For quite some time now I have been wanting to build my own control arms for my car, and I finally did.  I had three main goals here.  Add some adjustability, improve the suspension geometry by lengthening the control arms, and hopefully drop some weight.  Spoiler alert: two out of three isn't too bad!  It all started with a design in SolidWorks (well several designs actually), and extensive stress analysis. 

Due to the somewhat odd "inverted" ball joint that the MR2 uses, the stresses are actually quite complicated.  Because the ball joint pivot is raised more than an inch above the axis of the control arm, significant bending stresses are introduced in both the control arm and the strut rod.  I considered a number of options for switching to a different ball joint or even a "monoball" style spherical bearing, but in the end chose to keep the stock ball joints.  At least for now.

Stress analysis of front control arm

With the design finished, it was time to start cutting metal!  Here, cutting a bushing on the lathe to adapt the rod ends to the bolts / pivot locations on the chassis.  Starting with the simple parts here!

Turning rod end spacers on lathe

Next, 4130 chromoly bar stock that will become the interface between the end fittings of both the control arm and the strut rod.  First, the bar was cut to length on the band saw, and then the ends were turned on the lathe to fit inside the chromoly tubing that will form the rest of the arms.

Turning control arm tube ends on lathe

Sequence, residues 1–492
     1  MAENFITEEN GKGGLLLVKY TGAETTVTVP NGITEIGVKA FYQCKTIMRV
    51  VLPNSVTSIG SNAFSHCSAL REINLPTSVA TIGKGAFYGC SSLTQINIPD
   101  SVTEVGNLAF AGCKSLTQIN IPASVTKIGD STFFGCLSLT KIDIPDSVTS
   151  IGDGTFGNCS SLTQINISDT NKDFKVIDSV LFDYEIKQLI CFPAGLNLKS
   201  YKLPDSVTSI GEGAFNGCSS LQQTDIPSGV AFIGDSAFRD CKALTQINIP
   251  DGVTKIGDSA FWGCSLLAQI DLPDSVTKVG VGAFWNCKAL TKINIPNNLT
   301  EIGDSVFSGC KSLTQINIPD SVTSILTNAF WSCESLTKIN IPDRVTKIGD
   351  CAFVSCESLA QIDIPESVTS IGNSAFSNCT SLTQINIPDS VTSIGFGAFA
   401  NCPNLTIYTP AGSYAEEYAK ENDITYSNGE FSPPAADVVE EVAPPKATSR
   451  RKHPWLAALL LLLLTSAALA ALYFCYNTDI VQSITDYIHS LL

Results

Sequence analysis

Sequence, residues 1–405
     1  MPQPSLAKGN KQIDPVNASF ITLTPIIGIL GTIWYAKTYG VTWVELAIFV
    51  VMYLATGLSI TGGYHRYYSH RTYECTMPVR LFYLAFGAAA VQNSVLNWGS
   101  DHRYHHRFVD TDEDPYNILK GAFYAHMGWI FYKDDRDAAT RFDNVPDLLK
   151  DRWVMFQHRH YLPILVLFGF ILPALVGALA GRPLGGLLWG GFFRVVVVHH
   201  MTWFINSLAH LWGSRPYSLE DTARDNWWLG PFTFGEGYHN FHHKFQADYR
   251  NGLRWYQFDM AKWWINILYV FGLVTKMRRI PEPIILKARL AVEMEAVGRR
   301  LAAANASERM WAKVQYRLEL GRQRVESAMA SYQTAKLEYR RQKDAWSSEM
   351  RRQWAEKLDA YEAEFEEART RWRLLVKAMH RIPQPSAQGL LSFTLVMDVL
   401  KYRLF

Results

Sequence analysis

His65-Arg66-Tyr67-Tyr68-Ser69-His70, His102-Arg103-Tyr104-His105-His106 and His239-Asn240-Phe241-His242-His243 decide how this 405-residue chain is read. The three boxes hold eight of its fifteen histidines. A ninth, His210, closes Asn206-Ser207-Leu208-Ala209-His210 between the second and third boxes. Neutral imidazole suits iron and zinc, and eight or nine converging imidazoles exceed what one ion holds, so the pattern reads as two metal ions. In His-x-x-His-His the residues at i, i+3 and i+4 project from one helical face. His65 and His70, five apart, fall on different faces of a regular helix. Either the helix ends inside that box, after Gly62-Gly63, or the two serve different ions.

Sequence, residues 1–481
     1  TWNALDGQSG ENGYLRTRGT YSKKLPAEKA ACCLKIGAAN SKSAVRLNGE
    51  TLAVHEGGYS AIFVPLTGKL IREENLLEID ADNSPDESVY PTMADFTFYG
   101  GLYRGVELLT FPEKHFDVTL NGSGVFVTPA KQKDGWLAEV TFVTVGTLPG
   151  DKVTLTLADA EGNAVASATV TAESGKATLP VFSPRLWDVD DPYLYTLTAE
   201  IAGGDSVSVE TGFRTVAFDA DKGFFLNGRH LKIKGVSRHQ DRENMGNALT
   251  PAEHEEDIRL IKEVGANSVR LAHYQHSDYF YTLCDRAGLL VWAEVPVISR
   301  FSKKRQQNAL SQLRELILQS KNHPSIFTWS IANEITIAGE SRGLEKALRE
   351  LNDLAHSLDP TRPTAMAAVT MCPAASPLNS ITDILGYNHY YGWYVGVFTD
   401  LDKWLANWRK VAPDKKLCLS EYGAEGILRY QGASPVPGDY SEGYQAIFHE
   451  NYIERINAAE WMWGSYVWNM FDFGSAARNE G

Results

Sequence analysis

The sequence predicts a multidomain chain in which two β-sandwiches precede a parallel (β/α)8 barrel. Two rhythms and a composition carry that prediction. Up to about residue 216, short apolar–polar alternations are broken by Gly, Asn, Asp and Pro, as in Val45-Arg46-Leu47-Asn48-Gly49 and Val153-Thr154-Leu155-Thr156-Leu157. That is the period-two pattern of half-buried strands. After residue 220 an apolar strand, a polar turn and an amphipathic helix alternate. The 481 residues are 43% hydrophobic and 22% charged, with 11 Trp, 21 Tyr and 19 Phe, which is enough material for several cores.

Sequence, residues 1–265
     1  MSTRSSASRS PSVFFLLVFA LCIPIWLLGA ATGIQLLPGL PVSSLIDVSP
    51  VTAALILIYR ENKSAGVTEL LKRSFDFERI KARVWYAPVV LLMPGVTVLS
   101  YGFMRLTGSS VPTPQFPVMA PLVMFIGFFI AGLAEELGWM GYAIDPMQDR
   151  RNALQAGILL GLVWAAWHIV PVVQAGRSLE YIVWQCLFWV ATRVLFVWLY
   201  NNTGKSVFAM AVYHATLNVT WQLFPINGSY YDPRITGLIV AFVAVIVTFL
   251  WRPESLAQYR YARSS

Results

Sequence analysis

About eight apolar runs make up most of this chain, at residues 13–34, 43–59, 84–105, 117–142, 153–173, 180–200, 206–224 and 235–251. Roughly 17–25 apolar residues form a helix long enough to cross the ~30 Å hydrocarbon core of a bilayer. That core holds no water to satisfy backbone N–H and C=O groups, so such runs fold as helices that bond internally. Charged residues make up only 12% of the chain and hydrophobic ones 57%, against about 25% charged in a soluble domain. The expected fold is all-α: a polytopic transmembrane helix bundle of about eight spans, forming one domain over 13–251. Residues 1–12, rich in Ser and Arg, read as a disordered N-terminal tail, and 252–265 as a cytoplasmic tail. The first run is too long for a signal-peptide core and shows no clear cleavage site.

From there, the bars went to the mill where the sides were machined flat.  In order to leave a generous radius for stress relief purposes they were machined "sideways", rather than flat.  A little more complicated doing it this way, but sharp corners are BAD!

Machining control arm tube ends on mill

At this point, the tube end fittings looked like this.  These "double ended" pieces would then be cut in half on the band saw to form two pieces each, and then the holes drilled and the ball joint holes reamed with a 1-1/2" per foot tapered reamer to match the stock ball joints.

Finished control arm tube ends

Finally, all of the spacers and tube ends machined, plus the control arm tabs cut on the band saw from steel bar stock.


Next, the chromoly tubes were cut to length, and one each front and rear control arm were tack welded together to check the fit.  It was at this point that a flaw in my design became obvious.  If one looks at a stock MR2 control arm you can see that the ball joint axis is not perpendicular to the axis of the control arm.  My ball joint fittings did not replicate this, and when installed with large roll center adjusters the ball joint ran out of angular travel well before the front suspension reached full droop.  The rear was OK, but only just barely.  Binding any kind of pivoting joint like that is never a good thing!  I can't say for sure if it would ever have caused a problem, but I wasn't happy with it.  So, back to the drawing board!

What I came up with was a way to angle the ball joint, while still designing a part that I could make myself on my manual equipment.  The first step on the lathe was the same as before, but rather than cutting the flat parallel to the axis of the part, the vice on the mill was rotated, first one way and then the other.